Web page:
Background: Although autonomic dysreflexia (AD) is well documented in the spinal cord injury (SCI) population, its occurrence in persons with multiple sclerosis (MS) is not. A dense multiple sclerotic lesion in the spinal cord at or above the sixth thoracic level can cause interruption of descending inhibitory impulses and thus result in AD. A patient with MS presented to our facility with classic signs and symptoms of AD. We believe that lack of knowledge about the risks for this condition in MS led to a delay in diagnosis.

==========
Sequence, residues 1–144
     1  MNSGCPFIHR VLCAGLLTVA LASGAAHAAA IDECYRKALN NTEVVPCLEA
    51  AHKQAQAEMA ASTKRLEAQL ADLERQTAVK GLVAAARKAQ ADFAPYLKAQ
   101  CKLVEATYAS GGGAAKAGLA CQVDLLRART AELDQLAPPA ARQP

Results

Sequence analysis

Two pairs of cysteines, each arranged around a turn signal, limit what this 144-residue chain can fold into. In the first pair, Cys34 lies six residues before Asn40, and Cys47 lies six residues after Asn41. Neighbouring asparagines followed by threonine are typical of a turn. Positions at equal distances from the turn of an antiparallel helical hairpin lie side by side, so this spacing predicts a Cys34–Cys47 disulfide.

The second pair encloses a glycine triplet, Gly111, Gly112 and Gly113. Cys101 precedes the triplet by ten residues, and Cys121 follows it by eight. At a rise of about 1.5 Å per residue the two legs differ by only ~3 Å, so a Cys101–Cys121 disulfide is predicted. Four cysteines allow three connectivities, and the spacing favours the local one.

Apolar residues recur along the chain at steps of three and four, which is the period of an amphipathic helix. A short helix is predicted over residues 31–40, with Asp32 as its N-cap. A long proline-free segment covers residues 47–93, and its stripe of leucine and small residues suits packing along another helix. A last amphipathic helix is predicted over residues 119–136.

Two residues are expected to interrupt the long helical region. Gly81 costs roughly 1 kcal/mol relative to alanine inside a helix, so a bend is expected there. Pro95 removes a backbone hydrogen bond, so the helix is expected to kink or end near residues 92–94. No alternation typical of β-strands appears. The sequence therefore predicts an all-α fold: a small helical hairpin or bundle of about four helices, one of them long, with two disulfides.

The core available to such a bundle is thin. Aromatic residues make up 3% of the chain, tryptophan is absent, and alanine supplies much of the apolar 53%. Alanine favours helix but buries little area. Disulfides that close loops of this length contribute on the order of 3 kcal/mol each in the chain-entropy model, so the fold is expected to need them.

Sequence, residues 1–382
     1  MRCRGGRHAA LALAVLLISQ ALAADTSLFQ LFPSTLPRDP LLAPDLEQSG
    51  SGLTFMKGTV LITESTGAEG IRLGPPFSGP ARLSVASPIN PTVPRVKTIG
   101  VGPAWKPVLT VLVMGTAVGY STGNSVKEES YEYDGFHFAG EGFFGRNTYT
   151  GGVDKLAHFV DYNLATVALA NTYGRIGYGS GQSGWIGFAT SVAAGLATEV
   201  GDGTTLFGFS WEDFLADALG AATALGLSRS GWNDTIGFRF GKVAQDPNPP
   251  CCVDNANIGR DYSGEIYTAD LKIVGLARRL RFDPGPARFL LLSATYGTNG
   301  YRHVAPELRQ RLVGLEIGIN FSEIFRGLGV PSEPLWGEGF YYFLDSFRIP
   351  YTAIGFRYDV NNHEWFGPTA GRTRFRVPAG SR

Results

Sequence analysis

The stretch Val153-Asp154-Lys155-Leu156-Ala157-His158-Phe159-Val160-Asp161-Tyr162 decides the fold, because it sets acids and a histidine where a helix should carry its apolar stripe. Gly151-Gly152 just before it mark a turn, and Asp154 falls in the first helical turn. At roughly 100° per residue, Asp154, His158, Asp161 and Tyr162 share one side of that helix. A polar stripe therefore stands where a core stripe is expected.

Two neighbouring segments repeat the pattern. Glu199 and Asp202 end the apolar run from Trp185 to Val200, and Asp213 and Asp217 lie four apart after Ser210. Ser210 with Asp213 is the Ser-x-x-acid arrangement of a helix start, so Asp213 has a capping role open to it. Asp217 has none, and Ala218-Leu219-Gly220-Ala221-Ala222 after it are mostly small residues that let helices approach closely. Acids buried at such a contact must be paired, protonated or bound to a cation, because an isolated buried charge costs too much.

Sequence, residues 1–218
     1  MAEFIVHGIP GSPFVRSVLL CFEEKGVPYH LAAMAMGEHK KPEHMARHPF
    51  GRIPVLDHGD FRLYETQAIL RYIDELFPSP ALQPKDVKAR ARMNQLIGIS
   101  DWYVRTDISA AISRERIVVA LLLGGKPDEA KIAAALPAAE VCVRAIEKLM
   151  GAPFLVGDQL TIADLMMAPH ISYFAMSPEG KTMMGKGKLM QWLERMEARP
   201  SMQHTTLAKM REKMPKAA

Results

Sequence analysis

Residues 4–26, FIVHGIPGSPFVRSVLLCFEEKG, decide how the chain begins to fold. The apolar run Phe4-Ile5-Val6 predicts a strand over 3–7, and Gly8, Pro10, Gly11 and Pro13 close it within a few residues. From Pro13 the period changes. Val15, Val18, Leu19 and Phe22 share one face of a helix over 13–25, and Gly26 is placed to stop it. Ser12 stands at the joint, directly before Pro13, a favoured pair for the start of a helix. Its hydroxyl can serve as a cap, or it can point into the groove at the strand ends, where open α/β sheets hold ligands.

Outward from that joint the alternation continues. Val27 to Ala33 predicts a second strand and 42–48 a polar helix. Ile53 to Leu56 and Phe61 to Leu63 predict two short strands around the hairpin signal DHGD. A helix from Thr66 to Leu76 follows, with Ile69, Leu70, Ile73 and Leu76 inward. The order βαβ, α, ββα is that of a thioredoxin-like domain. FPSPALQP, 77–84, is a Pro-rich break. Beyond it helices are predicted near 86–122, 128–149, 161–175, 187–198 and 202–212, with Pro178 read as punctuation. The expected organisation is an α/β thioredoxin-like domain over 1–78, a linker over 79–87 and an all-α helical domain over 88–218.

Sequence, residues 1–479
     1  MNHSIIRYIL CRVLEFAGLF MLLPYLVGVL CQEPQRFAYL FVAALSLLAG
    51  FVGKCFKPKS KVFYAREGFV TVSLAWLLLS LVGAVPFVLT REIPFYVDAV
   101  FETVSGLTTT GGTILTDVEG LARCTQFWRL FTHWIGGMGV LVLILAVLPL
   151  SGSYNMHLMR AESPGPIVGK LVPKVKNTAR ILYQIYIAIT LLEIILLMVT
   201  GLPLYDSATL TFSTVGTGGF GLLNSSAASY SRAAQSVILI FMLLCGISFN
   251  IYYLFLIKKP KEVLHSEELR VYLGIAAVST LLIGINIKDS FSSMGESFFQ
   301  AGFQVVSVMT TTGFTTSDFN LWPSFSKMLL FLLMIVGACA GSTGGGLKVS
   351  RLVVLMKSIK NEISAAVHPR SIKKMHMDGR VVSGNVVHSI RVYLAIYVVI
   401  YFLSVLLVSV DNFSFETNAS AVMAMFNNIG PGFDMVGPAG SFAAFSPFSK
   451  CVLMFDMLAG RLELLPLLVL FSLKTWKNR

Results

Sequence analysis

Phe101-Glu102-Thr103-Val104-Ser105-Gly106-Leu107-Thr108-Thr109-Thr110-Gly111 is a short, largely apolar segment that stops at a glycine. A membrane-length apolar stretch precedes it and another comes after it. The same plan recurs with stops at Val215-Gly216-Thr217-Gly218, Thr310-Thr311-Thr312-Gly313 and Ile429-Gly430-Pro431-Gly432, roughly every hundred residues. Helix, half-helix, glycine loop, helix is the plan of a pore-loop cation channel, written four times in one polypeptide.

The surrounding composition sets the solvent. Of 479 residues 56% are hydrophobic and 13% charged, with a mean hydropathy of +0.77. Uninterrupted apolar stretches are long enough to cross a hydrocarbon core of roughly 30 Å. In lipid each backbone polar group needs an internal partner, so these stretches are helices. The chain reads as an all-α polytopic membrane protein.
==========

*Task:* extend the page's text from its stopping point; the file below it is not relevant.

Methods: Case report illustrates AD in a person with MS. A convenience survey was conducted among clinicians who provide care to people with MS. The survey looked at both awareness of, and experience with, AD in MS.
Results: Forty-five percent of the respondents indicated they were not aware of the potential risk for AD among MS patients. Only 10% indicated they were aware of MS patients in their practice who had experienced AD.
Conclusion: Although AD is probably less common in MS than in SCI, this case does not appear to be unique. Knowledge of this potential life-threatening complication of MS seems to be limited.